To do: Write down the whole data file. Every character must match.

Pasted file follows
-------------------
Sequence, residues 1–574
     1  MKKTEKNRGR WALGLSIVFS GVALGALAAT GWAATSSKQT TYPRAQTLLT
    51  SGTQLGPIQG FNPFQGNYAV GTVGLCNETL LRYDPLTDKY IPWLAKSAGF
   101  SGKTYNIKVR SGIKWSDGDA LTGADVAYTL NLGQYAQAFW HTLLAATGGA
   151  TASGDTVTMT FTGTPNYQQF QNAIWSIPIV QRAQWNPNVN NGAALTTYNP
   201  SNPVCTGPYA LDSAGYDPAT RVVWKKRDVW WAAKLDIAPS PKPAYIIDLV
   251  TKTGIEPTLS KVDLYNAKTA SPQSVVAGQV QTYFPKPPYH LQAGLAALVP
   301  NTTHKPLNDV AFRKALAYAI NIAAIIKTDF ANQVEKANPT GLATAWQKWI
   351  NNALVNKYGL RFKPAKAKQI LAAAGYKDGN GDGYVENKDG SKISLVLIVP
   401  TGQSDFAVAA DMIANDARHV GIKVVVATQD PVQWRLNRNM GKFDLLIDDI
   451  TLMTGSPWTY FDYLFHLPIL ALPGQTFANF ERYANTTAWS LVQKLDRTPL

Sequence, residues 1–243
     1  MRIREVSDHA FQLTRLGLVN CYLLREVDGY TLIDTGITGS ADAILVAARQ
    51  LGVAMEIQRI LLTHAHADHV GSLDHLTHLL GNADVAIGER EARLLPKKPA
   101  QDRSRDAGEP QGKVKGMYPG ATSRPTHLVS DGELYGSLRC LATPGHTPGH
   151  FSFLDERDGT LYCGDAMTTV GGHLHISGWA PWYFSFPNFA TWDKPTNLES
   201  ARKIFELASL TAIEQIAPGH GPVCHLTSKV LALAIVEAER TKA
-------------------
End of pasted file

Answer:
Sequence, residues 1–574
     1  MKKTEKNRGR WALGLSIVFS GVALGALAAT GWAATSSKQT TYPRAQTLLT
    51  SGTQLGPIQG FNPFQGNYAV GTVGLCNETL LRYDPLTDKY IPWLAKSAGF
   101  SGKTYNIKVR SGIKWSDGDA LTGADVAYTL NLGQYAQAFW HTLLAATGGA
   151  TASGDTVTMT FTGTPNYQQF QNAIWSIPIV QRAQWNPNVN NGAALTTYNP
   201  SNPVCTGPYA LDSAGYDPAT RVVWKKRDVW WAAKLDIAPS PKPAYIIDLV
   251  TKTGIEPTLS KVDLYNAKTA SPQSVVAGQV QTYFPKPPYH LQAGLAALVP
   301  NTTHKPLNDV AFRKALAYAI NIAAIIKTDF ANQVEKANPT GLATAWQKWI
   351  NNALVNKYGL RFKPAKAKQI LAAAGYKDGN GDGYVENKDG SKISLVLIVP
   401  TGQSDFAVAA DMIANDARHV GIKVVVATQD PVQWRLNRNM GKFDLLIDDI
   451  TLMTGSPWTY FDYLFHLPIL ALPGQTFANF ERYANTTAWS LVQKLDRTPL

Sequence, residues 1–243
     1  MRIREVSDHA FQLTRLGLVN CYLLREVDGY TLIDTGITGS ADAILVAARQ
    51  LGVAMEIQRI LLTHAHADHV GSLDHLTHLL GNADVAIGER EARLLPKKPA
   101  QDRSRDAGEP QGKVKGMYPG ATSRPTHLVS DGELYGSLRC LATPGHTPGH
   151  FSFLDERDGT LYCGDAMTTV GGHLHISGWA PWYFSFPNFA TWDKPTNLES
   201  ARKIFELASL TAIEQIAPGH GPVCHLTSKV LALAIVEAER TKA